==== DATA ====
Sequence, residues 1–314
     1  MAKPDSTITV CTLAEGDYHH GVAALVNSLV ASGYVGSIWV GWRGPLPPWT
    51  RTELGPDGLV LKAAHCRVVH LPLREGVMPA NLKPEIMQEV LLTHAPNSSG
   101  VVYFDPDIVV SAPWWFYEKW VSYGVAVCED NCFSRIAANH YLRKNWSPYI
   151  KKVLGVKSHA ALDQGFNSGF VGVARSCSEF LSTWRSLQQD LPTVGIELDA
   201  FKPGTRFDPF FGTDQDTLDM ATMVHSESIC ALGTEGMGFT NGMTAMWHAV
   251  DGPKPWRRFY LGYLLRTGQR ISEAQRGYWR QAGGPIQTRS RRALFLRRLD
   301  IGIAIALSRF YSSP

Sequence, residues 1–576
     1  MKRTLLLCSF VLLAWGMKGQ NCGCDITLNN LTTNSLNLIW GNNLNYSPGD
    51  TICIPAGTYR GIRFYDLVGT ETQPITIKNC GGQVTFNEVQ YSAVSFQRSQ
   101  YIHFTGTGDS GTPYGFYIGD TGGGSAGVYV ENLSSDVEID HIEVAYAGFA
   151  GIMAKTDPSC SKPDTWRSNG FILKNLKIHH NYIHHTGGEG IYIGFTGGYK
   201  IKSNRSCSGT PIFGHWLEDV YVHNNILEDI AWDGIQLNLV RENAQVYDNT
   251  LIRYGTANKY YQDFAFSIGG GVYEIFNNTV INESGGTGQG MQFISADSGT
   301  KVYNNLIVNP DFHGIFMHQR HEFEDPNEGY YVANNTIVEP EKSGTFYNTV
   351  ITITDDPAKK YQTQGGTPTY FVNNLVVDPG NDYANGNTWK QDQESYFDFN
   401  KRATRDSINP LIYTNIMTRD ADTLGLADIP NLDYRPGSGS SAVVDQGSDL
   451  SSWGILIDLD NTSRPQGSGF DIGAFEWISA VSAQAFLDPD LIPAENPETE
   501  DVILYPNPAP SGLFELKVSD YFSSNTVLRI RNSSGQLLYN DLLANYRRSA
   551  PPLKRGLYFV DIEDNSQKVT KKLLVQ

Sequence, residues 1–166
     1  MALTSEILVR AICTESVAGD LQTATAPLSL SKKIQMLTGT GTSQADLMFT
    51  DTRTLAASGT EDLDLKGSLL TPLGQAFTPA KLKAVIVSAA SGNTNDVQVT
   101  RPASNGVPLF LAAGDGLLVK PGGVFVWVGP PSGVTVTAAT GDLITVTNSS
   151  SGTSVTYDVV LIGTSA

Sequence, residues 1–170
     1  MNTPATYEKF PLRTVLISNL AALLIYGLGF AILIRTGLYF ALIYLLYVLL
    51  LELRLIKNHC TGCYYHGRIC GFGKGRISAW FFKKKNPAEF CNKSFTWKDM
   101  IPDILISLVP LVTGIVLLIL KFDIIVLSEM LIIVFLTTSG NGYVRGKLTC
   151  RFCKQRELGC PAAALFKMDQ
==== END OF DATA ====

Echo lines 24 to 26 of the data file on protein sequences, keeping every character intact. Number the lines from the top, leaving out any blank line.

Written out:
    51  DTRTLAASGT EDLDLKGSLL TPLGQAFTPA KLKAVIVSAA SGNTNDVQVT
   101  RPASNGVPLF LAAGDGLLVK PGGVFVWVGP PSGVTVTAAT GDLITVTNSS
   151  SGTSVTYDVV LIGTSA